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Men Killed by Deer Disease

Medical experts are investigating the deaths of threehunters from brain-destroying illnesses, in order todetermine whether chronic wasting disease has crossed fromanimals into humans in the U.S., just as Mad Cow disease didin Europe.

The men were friends who ate elk and deer meat at wild gamefeasts hosted by one of them in Wisconsin during the 1980sand '90s. All three died in the 1990s. Investigators want toknow if the men contracted their diseases from the meat ofinfected game.

So far, there has never been a documented case of a personcontracting a brain-destroying illness from eating wildanimals with chronic wasting disease. "We are not saying itabsolutely can't happen. We know that it's a mistake to saythat," says Dr. Larry Schonberger, of the Centers forDisease Control and Prevention. "It gets a lot of peoplescared and it has economic consequences and everything, sowe need to check it out."

Chronic wasting disease -- an incurable, brain-destroyingillness that kills deer, elk, moose and caribou -- wasrecently found in Wisconsin deer. It was identified inColorado elk more than three decades ago and is now known toexist in deer or elk in eight states and Canada. Thousandsof wild animals are being slaughtered in order to preventthe spread of the disease and hunters are advised to haveany game they plan to eat tested first.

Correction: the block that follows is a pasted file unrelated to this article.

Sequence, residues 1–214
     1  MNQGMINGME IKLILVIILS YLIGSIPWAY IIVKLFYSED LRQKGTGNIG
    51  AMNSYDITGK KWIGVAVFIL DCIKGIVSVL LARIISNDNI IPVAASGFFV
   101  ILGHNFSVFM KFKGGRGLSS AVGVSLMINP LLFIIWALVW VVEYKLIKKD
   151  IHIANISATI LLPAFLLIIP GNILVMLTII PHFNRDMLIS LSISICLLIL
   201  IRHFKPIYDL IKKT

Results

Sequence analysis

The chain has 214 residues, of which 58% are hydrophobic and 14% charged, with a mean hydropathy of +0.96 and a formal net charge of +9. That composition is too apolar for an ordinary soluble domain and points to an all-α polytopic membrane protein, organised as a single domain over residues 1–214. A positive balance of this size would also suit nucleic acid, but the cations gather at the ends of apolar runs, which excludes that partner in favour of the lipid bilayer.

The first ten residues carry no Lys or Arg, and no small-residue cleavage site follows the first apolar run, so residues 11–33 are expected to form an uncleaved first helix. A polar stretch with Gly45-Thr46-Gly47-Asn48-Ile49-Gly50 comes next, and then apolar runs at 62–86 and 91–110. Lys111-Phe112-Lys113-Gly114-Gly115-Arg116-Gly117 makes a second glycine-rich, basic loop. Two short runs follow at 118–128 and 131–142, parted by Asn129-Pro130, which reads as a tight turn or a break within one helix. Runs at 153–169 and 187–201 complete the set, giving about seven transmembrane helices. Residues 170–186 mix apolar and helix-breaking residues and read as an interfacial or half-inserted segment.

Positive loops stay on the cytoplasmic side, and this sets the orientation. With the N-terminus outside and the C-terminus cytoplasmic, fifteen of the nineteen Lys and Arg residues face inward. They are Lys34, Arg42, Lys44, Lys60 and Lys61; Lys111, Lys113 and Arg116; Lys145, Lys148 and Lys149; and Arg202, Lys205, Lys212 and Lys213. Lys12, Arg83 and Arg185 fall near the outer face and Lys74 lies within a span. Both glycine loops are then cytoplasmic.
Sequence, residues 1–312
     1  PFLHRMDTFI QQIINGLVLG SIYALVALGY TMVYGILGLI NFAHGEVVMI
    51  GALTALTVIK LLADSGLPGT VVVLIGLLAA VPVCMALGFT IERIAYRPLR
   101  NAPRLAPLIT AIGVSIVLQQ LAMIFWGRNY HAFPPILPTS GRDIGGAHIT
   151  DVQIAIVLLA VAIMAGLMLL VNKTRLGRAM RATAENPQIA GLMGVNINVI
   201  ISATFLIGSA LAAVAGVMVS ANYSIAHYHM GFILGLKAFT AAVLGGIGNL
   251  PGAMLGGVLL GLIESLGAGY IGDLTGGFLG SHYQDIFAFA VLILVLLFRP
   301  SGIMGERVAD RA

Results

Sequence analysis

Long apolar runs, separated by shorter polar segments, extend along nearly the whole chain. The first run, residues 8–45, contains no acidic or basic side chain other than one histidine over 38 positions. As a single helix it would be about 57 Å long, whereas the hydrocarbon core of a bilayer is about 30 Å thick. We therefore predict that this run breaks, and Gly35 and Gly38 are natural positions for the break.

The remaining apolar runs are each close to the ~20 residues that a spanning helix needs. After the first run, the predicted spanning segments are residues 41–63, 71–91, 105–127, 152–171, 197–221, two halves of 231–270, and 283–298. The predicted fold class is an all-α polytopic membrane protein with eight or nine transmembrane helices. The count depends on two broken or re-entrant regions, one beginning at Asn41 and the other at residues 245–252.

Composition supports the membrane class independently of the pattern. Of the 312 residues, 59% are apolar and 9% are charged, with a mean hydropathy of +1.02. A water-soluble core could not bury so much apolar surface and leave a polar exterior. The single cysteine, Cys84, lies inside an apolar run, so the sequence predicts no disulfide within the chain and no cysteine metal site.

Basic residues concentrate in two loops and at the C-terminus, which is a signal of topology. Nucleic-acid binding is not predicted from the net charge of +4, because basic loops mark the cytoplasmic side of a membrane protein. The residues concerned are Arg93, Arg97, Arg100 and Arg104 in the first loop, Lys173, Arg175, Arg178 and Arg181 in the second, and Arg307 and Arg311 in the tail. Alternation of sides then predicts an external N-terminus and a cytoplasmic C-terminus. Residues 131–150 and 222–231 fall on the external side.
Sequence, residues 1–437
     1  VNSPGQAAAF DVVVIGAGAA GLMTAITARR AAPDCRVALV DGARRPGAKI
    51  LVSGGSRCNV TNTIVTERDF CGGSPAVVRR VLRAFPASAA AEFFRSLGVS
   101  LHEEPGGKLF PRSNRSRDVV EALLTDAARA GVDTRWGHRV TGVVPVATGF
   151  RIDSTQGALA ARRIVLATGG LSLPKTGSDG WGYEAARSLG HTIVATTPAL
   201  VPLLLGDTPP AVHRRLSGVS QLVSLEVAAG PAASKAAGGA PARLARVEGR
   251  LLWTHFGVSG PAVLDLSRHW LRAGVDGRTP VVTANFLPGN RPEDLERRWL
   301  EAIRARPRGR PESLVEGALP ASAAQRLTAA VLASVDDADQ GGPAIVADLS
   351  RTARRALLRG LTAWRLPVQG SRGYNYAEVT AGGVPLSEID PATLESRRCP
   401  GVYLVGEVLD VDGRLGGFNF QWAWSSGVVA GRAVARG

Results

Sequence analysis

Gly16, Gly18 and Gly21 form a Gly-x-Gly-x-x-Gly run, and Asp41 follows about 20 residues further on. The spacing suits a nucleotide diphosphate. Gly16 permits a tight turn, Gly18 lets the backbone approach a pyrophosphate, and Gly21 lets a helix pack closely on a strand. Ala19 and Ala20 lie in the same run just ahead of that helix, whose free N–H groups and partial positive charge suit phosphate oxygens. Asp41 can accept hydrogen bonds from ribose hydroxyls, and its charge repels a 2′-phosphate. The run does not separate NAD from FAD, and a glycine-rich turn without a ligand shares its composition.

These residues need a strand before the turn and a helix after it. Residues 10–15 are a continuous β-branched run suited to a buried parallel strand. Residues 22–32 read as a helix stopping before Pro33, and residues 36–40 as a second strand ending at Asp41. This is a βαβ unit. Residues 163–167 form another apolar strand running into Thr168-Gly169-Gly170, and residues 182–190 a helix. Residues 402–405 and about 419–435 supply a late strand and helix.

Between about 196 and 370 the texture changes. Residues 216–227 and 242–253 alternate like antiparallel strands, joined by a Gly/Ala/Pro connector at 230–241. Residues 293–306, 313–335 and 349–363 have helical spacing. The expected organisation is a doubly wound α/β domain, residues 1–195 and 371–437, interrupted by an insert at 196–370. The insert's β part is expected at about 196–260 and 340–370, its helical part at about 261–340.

Chronic wasting disease is related to mad cow disease incattle and Creutzfeldt-Jakob disease in humans. All threediseases are caused by proteins called prions that makeholes in the brain. During the 1990s, scientists confirmedthat people in Europe developed Creutzfeldt-Jakob fromeating beef from cattle infected with Mad Cow disease.

If a link is found between the human deaths and sickanimals, it could be the end of hunting in the U.S. SteveTorbit, a National Wildlife Federation biologist, says "Itmay [still] be possible hunting persists as a way to collecthides or heads and antlers. It is a rocky ride we are in for."

Dr. G. Richard Olds, of the Medical College of Wisconsin,says it could take as long as 15 years for scientists toprove there?s a link. "I am not trying to scare peopleinappropriately," he says. "But we need to be honest aboutthis situation."

This isn?t the only danger in food today. Find out what?s onour grocery store shelves from ?Eating in the Dark? byKathleenHart,click here.

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